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Driving Out Confusion

Driving Out Confusion

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Automotive Journalist and featured Swansway Group author John Swift discusses the difference between FWD, RWD and AWD. Contact us if you have any questions.

It can be very confusing; what does the trade actually mean when it refers to front wheel drive, or RWD, AWD and 4x4

Here we explain what the terms mean, why there are differences and the pros and cons of each

 Every car has an engine which produces power, but without a way to transmit that to the road it won’t move an inch; for that it needs what is called a drivetrain which essentially is the gearbox, a shaft from that which turns to drive something called a differential, which splits the power and takes it through driveshafts to the wheels which then go round.

Still with us? Don’t worry, it gets easier.

Front wheel drive (FWD)

In the olden days engines used to be placed longitudinally in the engine bay – north/south as it was referred to – with the gearbox on the end and the power had to be taken to the back wheels as there simply wasn’t the room in the engine bay to have it any other way.

That’s OK, but there were the two penalties; the extra weight of having a shaft running under the car from the front to the differential at the back and the amount of space it took up, reducing the room available for rear seat passengers.

Others – most notably Citroën with its Traction Avant system – tried front wheel drive but the real breakthrough for the volume car market came with the original Mini.

black and white image of a smiling man leaning on a car with the bonnet up

Its designer, Sir Alec Issigonis, cleverly designed it so the engine was up front but placed sideways –east/west – and the gearbox sort of underneath it. The driveshafts came out of the side instead of the back so they could drive the front wheels and hey presto, you instantly had the quart in a pint pot car. This was a car that was small overall but gave an unprecedented percentage of its space to the passengers.

Austin Seven / Morris Mini-Minor Longitudinal section, 1959

Where Mini led others have followed and today virtually every volume car has front wheel drive. It is lighter, but most of all, it is much more space efficient.

 Rear wheel drive (RWD)

There are still cars which have rear wheel drive and inevitably they are high performance coupes. Usually, but not exclusively, their engines are behind the passenger cell, just after your shoulders, and there are two main reasons why they are RWD.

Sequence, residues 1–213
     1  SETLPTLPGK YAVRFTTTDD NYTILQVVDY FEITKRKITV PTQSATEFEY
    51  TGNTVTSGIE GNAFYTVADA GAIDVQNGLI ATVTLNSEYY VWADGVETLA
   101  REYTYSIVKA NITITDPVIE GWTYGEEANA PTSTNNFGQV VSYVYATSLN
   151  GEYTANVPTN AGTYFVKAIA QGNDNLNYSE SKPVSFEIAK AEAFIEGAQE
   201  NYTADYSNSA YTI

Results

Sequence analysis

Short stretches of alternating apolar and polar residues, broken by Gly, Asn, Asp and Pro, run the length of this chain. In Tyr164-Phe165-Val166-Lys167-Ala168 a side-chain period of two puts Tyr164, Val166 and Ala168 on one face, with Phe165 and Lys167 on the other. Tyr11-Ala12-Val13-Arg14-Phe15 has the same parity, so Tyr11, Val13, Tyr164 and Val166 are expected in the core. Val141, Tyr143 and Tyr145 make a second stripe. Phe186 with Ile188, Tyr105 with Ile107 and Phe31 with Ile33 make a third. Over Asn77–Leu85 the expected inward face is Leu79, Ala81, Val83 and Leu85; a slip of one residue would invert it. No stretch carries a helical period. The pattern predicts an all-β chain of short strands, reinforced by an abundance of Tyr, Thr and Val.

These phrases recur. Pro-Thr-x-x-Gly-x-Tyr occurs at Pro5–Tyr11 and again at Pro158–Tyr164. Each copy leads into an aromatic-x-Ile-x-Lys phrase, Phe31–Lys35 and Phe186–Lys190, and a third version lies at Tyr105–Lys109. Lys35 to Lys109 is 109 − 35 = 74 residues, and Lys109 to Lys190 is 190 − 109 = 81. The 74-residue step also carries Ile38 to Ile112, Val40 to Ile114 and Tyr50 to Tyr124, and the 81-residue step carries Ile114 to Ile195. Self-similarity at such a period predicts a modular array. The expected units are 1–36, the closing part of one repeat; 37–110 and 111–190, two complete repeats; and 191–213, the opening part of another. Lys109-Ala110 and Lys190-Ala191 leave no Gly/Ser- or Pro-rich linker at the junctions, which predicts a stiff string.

The engines are put there to give better weight distribution, so most of the car’s weight is between the front and back wheels rather than favouring one end. This hugely improves the handling and responsiveness but, as you will have read already, it does mean that it is difficult to get the power from one part of the car to the other and partly because of that mid-engined cars are inevitably rear wheel drive.

Lotus Elise Sport in blue speeding through countryside

But by far and away the bigger and more important reason is that it helps deliver a more sporting experience behind the wheel.

It is not such a problem these days, but not long ago front wheel drive cars tended to understeer, that horrible feeling when you turn the steering wheel into a corner and the car wants to run wide. Rear wheel drive cars can do the opposite, oversteer, which is when the backend feels as if it wants to skid wide on a bend.

Again, neither is a problem in modern cars, but that inherent balance, of the rear end being the more powerful one in determining how the car corners, means that a skilful driver can control and modulate their `line’ through a bend by carefully controlling how much power they put through those back tyres.

It’s fun and feels like you are really in control.

 Four wheel drive (4x4, AWD)

There is only one reason why cars have four wheel drive or all-wheel drive and that is grip.

When you push the accelerator the tyres –the front and back ones – are using the friction between the rubber and the tarmac to put the power onto the road and drive the car.

If it’s slippery, or if they’re trying to move a heavy vehicle up a slope, then the tyres simply become overloaded and cannot cope.  The solution is to spread that load through all four tyres, effectively halving the grip you would need if you have just one end or the other doing the work. These days electronics take over to a large extent and a computer will decide when to distribute the engine power to all four wheels, so in normal road use it is just the front wheels being driven (saving fuel instead of having all four taking engine power) but total traction is available in the blink of an eye if it gets slippery.

VW Passat estate towing a horsebox parked in parkland

Try towing a caravan or horsebox out of a muddy field and you will soon see the benefit of having all four wheels gripping!

It adds weight, cost (in servicing) and complexity, but if you tow it really is the only type of vehicle to have.

Pros and cons:

Front wheel drive

For: lighter, cheaper, more space efficient.

Cons: these days? Nothing, thanks to improvements in handling.

Rear wheel drive

For: can’t be beaten for sports handling, allows a mid-engined design.

Cons: unsuitable for smaller cars.

Four wheel drive

For: the only thing to have for towing or any off-road driving.

Cons: can add weight, take up space and costs more to maintain.

Contact us to find out more about which drive suits you best

Read the rest of John Swift's featured articles